A Poison Tree - Language, tone and structure
Language and tone
The obsessional nature of the speaker's feelings is suggested by the restrictions in the diction. The first stanza works purely in terms of ‘friend' ‘foe' ‘angry' and ‘wrath'. Each line begins with ‘I', suggesting also the speaker's obsession with himself. In the remaining stanzas, key words continue to be ‘I' ‘my' and ‘mine'. The foe is given no name; what is important is his relationship to the speaker.
The negativity of the speaker is implied in stanza two. His only true emotions are fears and tears. All that is positive is false – the sun of smiles, and the softness of deceit.
Concealment is achieved through the language, as we do not see what is growing until the apple appears. It suggests that the nature of what is being nurtured is only apparent when it is fully developed, even to the one who nurtures it.
Investigating language and tone
- Try re-reading the poem in the third person (substituting s/he and his/her, for I and my etc.)
- In the light of that, do you think that the emphasis on ‘I' ‘my' and ‘mine' makes a significant contribution to the meaning and tone of the poem?
Structure and versification
The stanzas are rhymed closed couplets. The poem proceeds by this series of closed statements which allow no argument and echo the blinkered vision of the speaker. Each stanza after the opening one begins with ‘And', as do many of the lines. The trochaic metre of stanzas two, three and four emphasises this word, thus increasing the obsessive drive of the poem. We are invited to follow the logical progression of the speaker's behaviour to its climax. We are also encouraged, therefore, to see it as inevitable.
When the metre alters to iambic, in l.2, 4 and the final line, there is a sense of the forward momentum decelerating, as the situation is summed up. The regularity of the tetrameter is only broken once with the omitted syllable in l.7 before ‘smiles', which has the effect of ‘wrong footing' the reader, just as the smiles themselves are designed to trip up the speaker's enemy. The sibilants of the second stanza also indicates the presence of lurking evil.
Investigating structure and versification
- How would you answer someone who argued that Blake is simply using a popular form here?
- Make notes on the ways in which the speaker comes across as a child and also as very adult.
Lines of iambic pentameter which rhyme in pairs, that are logically or grammatically complete.
Use of a metric foot in a line of verse, consisting of a stressed syllable followed by an unstressed. It is thus a falling metre.
The particular measurement in a line of poetry, determined by the pattern of stressed and unstressed syllables (in some languages, the pattern of long and short syllables). It is the measured basis of rhythm.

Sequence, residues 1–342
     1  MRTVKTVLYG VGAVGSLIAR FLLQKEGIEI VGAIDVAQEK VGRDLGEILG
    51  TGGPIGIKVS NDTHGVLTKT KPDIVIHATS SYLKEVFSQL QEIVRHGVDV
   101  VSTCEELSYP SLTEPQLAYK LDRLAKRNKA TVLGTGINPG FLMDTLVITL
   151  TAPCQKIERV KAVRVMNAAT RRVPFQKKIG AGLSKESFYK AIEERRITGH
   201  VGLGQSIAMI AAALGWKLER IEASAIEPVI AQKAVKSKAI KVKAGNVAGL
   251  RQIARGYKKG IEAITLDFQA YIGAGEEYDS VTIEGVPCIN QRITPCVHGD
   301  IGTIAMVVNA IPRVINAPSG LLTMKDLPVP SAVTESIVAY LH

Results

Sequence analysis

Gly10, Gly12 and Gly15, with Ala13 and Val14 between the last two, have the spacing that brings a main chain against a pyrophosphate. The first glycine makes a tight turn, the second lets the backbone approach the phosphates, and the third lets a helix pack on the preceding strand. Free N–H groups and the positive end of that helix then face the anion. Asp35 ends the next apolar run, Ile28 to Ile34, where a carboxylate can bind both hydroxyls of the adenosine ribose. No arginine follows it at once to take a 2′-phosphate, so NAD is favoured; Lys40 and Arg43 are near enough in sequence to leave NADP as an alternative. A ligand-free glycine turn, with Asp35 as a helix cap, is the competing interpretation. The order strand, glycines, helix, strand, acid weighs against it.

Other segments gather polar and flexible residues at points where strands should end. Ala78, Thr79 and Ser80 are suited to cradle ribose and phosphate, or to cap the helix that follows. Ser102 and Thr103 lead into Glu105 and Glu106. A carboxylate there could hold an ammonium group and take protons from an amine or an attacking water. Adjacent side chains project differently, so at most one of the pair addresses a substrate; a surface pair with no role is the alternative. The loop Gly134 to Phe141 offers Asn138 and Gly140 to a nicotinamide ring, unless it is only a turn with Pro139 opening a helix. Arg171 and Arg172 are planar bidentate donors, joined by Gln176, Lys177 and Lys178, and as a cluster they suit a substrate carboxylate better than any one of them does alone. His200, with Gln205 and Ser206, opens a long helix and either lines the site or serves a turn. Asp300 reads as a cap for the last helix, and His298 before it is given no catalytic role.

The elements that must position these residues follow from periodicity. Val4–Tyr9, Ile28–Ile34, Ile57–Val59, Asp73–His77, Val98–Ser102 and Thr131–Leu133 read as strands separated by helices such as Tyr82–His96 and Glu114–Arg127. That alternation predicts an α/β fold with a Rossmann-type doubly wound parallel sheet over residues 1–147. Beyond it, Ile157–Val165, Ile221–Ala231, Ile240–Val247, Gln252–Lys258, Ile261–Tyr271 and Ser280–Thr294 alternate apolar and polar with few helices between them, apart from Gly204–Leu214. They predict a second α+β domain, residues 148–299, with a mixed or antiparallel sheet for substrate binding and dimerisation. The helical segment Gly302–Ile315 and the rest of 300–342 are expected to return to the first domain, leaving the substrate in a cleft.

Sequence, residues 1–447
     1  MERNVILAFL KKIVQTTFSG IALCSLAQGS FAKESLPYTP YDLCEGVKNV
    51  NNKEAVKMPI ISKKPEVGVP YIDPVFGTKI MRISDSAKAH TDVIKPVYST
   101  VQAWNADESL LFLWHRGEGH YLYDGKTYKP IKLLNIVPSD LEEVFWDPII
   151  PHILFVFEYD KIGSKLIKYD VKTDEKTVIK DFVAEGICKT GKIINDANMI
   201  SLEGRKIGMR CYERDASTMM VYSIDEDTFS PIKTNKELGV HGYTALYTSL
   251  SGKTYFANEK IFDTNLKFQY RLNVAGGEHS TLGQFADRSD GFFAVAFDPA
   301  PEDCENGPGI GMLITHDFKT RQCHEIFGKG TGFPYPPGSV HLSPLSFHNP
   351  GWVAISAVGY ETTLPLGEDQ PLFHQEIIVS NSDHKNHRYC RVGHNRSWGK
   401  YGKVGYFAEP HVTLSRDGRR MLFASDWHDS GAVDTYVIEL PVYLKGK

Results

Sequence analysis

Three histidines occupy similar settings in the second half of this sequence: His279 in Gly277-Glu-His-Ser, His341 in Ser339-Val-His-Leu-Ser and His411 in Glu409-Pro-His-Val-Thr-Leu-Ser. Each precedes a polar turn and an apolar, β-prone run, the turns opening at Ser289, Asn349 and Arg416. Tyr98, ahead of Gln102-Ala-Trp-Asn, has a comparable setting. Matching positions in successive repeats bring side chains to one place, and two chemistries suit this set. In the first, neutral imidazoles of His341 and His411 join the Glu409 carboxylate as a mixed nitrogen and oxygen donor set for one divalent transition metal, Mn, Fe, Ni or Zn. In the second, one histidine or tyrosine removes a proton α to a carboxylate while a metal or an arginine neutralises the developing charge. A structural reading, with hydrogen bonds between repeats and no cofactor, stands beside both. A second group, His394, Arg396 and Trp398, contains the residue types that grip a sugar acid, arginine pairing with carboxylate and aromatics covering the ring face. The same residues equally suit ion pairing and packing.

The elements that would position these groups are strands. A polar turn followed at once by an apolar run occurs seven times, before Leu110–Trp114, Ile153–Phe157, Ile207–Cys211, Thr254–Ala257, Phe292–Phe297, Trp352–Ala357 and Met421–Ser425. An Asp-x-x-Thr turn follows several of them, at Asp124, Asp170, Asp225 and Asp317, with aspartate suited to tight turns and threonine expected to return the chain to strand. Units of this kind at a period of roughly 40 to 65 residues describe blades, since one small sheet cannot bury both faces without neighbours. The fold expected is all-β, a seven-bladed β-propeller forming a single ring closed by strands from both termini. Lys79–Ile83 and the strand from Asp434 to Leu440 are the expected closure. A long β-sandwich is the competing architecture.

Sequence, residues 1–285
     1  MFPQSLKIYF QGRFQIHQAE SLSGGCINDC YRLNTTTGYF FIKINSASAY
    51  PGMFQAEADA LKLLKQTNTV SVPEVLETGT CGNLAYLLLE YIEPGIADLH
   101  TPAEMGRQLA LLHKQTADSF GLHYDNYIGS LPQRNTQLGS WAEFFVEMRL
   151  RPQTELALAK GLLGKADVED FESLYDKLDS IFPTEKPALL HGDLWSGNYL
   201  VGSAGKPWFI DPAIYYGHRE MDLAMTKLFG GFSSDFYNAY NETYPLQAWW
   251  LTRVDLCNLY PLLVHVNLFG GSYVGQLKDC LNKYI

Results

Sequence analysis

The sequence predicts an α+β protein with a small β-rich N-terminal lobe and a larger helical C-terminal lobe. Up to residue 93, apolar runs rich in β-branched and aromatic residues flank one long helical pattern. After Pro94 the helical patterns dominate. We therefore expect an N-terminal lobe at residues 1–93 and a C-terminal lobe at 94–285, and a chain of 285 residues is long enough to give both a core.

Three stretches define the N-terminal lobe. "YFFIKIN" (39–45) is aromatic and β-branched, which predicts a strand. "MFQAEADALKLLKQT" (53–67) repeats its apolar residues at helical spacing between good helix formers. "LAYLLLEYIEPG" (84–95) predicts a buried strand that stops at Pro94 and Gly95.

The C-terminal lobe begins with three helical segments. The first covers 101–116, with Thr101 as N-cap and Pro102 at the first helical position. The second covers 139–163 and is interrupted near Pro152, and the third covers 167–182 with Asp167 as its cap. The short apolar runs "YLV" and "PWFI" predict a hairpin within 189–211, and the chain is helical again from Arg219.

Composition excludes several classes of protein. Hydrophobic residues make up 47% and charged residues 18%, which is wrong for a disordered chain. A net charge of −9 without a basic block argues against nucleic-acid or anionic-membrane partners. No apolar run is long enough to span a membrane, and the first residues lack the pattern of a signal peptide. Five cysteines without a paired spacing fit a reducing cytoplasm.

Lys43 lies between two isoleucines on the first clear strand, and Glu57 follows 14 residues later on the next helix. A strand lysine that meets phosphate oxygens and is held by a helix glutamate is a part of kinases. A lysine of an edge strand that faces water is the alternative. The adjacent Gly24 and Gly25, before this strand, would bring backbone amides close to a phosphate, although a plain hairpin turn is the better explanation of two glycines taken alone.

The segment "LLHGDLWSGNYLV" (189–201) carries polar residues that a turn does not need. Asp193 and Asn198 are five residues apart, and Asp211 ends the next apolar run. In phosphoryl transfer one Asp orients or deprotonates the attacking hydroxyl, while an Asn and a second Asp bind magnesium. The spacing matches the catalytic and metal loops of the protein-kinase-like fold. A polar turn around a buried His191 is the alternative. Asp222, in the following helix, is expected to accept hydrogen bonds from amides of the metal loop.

A term used of speech rhythms in blank verse; an iambic rhythm is an unstressed, or weak, beat followed by a stressed, or strong, beat. It is a rising metre.
A line of verse consisting of four metrical feet (in modern verse) or eight feet (in classical verse).
Writing a response
When writing an essay about your interpretation of, or response to, a poem, you should consider the points below.
- Write a plan first, noting what you'll include in each paragraph.
- Begin with a brief overview of the poem.
- Go on to mention themes, form, structure, rhythm and language.
- Mention a range of views or perspectives.
- Compare the poem to another one.
- Mention any relevant details about the context of the poem.
- Conclude with a firm judgement about the poem.
- Support all you say with details or quotes from the poem.
A good approach to begin with is to highlight any key words which stand out for you. Make sure you use these key words in your essay.
How does William Blake make his message clear in A Poison Tree?
- Overview: poem has a moral message around the consequences of anger not being dealt with.
- First-person narrative: examining a basic human emotion which can be felt by anyone.
- Structure and language: quatrains, rhythm and rhyme scheme emphasises simplicity, use of extended metaphor of tree, simple vocabulary.
- Reader's reactions: different views, what message might be taken from reading the poem?
- Conclusion: there is a definite message but open to different interpretations, clarity achieved through simplicity and directness.
Some other essay questions to think about:
- What does William Blake have to say about human nature in A Poison Tree?
- Blake uses A Poison Tree to set out a moral lesson for his readers. Compare his approach to that used by Mary Lamb in the poem Envy.
More about planning an essay.